HealthDay News — The benefits of neonatal circumcision exceed any risks by at least 100 to one, according to  researchers.

Immediate benefits of circumcision included protection against infections that can damage the pediatric kidney, Brian J. Morris, DSc, PhD, from University of Sydney, and colleagues reported in the Mayo Clinic Proceedings.

Half of uncircumcised males over their lifetime will require treatment for a medical condition associated with retention of the foreskin, findings from the systemic literature review and risk-benefit analysis indicated. No long-term negative effects on sexual function or pleasure were documented.

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“As with vaccination, circumcision of newborn boys should be part of public health policies,” the researchers wrote.

Although circumcision prevalence has increased 2.5% overall among men aged 14 to 59 years between 2000 and 2010, the rate of neonatal circumcisions declined from 83% in the 1960s to 77% by 2010, after the researchers corrected for under reporting.

Reasons for the decline include demographic changes, most notably the increase in the proportion of Hispanic people (traditionally noncircumcising) in Western states and the withdrawal of Medicaid coverage in 18 states.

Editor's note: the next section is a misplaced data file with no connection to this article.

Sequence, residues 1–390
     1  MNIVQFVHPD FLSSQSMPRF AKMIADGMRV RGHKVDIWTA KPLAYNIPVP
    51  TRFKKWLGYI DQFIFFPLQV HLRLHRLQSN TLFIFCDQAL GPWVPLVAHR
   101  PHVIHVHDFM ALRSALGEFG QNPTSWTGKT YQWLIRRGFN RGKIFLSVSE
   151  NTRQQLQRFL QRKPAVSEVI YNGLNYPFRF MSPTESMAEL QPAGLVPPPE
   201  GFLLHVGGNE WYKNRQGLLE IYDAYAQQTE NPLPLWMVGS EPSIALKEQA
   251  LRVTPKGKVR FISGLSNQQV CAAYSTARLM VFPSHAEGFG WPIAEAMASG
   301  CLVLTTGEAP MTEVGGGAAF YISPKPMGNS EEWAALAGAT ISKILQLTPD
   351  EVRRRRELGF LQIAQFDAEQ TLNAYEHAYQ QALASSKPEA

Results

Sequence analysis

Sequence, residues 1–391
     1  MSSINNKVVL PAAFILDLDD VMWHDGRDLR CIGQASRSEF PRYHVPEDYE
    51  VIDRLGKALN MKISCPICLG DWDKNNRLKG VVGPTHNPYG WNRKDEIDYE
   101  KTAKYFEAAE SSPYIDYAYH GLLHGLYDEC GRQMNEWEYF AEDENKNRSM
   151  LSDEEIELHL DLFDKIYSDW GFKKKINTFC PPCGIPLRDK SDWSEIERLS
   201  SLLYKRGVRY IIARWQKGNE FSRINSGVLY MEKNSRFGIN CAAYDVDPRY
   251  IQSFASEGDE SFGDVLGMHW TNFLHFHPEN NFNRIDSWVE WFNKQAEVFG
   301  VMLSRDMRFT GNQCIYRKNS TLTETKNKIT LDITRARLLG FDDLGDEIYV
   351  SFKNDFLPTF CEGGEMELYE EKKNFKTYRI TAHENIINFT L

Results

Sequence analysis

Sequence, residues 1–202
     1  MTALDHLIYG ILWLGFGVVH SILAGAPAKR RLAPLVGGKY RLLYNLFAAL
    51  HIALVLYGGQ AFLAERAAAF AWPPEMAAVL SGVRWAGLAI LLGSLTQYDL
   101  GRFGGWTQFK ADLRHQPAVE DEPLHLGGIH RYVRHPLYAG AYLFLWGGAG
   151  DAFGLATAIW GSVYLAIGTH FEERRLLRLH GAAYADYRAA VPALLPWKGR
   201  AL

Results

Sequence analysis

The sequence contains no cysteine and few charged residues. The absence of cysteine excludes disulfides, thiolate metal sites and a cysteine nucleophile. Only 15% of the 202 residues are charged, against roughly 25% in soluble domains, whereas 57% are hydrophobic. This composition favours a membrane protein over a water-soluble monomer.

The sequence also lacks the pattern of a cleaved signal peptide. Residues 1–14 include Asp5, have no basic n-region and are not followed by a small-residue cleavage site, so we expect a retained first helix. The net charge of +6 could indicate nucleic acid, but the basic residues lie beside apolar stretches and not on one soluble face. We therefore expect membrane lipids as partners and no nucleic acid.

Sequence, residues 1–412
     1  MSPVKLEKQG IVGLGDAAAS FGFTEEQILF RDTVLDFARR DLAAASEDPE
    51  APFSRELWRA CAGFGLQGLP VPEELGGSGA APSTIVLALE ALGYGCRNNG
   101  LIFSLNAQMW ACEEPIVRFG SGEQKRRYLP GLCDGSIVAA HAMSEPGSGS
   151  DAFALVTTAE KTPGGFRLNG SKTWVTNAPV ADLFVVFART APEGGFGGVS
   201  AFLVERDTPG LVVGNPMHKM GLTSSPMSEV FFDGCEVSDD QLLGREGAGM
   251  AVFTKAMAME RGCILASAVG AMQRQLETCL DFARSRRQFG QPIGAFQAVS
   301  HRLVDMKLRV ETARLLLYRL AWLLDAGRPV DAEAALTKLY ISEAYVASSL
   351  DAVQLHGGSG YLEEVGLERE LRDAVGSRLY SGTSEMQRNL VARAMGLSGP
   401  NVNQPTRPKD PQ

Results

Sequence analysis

Neonatal male circumcision was also cost-effective for disease prevention, the researchers found.Cost estimates from one study suggested that each forgone infant circumcision procedure would lead to an average of $407 in increased direct medical expenses per male and $43 per female.

Furthermore, if circumcision levels fell to the 10% rate observed in Europe additional direct medical costs in infancy and later treatment costs among 10 annual birth cohorts would exceed $4.4 billion, even after accounting for the cost of the procedure (average cost, $291) and treatment of complications (average cost, $185 each; prevalence, 0.4%).

“The affirmative (circumcision) policy of the American Academy of Pediatrics should logically result in an increase in infant circumcisions in the United States and in reintroduction of access to Medicaid funding for poor families,” the researchers concluded. “We predict that future CDC surveys will find significant ongoing increases in the prevalence of circumcision in the United States.”


  1. Morris BJ et al. Mayo Clin Proc. 2014; doi:10.1016/j.mayocp.2014.01.001.